About eight months into recovery my wife finally began to show an attitude of being "all in." She became truly committed to her own healing and was showing me she was willing to do whatever she could to salvage what was left of our marriage. While I was already deep in my individual work towards healing me, this seemed like the beginning of the journey towards healing us.

I want to be clear, I always wanted to see "us" work. I've never wanted a divorce. In many ways, discovering her affair felt more like finding her passed out intoxicated by a dumpster than being jilted by another lover. She was sick and in need of help, and I knew there was so much more to her than her actions were showing. However, with my marriage pushed towards the literal edge of a cliff, it would have been irresponsible to not have done what I could to protect myself and my child's own safety and future well-being.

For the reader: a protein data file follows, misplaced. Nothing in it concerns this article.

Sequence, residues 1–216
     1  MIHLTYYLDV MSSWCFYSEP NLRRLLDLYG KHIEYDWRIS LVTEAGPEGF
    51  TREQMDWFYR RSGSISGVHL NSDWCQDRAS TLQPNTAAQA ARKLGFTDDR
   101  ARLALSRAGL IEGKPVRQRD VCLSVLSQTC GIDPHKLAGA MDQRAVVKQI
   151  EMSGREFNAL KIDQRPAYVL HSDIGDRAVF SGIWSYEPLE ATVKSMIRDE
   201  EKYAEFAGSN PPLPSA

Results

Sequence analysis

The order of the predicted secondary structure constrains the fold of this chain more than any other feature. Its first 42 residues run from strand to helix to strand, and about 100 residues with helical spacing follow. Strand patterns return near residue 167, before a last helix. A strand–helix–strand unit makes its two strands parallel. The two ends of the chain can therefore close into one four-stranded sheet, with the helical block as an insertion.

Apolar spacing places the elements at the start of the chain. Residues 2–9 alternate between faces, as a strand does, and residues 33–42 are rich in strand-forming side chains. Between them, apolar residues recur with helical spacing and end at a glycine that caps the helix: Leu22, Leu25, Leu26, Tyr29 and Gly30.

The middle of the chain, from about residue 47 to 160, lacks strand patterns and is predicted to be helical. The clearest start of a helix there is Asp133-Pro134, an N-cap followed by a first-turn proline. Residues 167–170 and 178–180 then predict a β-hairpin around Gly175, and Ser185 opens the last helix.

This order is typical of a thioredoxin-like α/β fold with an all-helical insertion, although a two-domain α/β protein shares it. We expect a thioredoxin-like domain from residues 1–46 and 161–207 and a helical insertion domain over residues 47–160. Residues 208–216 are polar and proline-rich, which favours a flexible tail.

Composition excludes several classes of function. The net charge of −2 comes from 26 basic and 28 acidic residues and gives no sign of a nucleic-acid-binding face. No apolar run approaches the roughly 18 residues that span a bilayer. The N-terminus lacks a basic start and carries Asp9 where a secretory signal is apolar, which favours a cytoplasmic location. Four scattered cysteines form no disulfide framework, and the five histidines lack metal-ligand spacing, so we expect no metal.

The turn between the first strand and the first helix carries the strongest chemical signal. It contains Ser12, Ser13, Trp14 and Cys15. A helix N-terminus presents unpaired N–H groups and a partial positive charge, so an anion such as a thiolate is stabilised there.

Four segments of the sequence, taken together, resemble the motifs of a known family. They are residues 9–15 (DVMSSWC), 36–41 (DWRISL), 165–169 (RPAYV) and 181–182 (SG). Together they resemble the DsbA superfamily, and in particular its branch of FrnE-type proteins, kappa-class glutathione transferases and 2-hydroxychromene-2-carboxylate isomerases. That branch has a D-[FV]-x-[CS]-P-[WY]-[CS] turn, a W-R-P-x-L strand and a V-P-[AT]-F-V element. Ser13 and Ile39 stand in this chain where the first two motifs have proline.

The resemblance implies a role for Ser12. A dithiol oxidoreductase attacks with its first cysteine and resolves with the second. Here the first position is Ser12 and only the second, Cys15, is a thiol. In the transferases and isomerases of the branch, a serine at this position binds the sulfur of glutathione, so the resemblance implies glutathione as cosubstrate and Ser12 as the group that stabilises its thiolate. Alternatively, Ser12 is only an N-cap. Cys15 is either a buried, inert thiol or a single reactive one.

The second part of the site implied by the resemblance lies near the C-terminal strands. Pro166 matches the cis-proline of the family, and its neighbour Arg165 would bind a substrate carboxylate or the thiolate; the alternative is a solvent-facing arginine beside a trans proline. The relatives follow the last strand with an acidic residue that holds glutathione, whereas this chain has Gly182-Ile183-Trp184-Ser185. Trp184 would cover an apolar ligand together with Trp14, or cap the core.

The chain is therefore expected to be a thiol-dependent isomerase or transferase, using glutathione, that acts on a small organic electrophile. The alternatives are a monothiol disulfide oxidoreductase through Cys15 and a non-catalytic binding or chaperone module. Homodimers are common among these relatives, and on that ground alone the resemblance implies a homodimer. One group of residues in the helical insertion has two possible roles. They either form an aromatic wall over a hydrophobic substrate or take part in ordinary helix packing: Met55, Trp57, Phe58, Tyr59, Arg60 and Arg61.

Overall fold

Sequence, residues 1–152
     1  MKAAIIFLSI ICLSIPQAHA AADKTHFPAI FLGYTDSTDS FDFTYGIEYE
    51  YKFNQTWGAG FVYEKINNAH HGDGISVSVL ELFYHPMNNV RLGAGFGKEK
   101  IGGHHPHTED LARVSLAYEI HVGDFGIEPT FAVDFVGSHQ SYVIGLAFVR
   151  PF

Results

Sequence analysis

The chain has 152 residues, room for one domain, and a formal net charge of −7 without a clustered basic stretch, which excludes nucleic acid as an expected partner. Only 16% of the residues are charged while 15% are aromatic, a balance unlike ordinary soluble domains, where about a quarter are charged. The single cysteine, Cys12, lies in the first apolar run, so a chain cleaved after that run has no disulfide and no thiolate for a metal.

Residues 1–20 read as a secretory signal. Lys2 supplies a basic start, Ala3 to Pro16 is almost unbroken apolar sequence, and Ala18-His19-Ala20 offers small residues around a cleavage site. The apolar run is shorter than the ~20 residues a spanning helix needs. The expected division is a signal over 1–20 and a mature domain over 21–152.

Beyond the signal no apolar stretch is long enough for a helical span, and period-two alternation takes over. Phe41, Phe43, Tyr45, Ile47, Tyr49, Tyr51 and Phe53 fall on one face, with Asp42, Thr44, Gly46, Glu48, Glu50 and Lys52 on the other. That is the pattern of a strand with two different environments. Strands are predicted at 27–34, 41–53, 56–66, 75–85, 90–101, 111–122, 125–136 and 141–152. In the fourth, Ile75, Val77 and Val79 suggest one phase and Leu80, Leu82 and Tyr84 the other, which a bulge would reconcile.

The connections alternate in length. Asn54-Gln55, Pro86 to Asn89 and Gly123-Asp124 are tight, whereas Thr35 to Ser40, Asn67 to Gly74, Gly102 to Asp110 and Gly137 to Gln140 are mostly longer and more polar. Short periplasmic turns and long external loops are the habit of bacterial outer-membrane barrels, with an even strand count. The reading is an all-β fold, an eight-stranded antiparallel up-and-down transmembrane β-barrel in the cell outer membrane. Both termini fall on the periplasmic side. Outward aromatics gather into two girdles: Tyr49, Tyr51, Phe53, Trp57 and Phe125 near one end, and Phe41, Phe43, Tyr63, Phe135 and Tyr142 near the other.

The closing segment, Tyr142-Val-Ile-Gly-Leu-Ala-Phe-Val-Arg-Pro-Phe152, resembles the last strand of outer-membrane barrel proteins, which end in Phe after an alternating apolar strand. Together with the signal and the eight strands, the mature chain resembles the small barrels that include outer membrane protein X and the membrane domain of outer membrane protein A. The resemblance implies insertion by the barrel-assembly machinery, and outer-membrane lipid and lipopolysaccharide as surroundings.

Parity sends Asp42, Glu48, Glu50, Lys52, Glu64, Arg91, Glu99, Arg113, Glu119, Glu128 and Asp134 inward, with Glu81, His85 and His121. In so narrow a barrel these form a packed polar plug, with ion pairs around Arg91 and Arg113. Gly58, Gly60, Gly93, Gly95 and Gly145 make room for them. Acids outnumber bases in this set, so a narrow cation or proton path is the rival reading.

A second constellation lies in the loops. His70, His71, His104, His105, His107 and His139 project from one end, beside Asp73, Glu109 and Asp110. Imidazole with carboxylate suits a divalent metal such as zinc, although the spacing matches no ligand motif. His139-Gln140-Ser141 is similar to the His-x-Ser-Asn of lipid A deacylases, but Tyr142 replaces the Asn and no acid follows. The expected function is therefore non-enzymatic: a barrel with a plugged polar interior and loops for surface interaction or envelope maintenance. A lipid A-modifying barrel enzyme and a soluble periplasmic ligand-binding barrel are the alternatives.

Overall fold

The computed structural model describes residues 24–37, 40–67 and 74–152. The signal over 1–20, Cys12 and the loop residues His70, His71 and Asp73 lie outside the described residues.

In hopes of encouraging me to give it time, my wife was full of promises of how we would amicably divide assets and not seek any support if I decided to end the marriage. At that time, I did not know much with certainty. What I did know is she had been capable of going to great lengths to lie to me, for a long time, even when I thought that was not possible. Being an attorney, I knew there was great risk in giving the future of our marriage "time." These fears were exacerbated by the fact poverty was a real issue for me as a child, and the threat of losing what wealth I had accumulated worked strongly against efforts to build hope. Countless times I have seen people disappointed in my office when their understanding of someone else's promises and intentions did not pan out. While I appreciated her commitments to me to be "fair" and equitable if we split, I also knew the worst in people often comes out when they start worrying about how to pay the light bill. The real possibility of divorce meant her gloves could come off at any time, and I was tired of feeling naïve and exploited.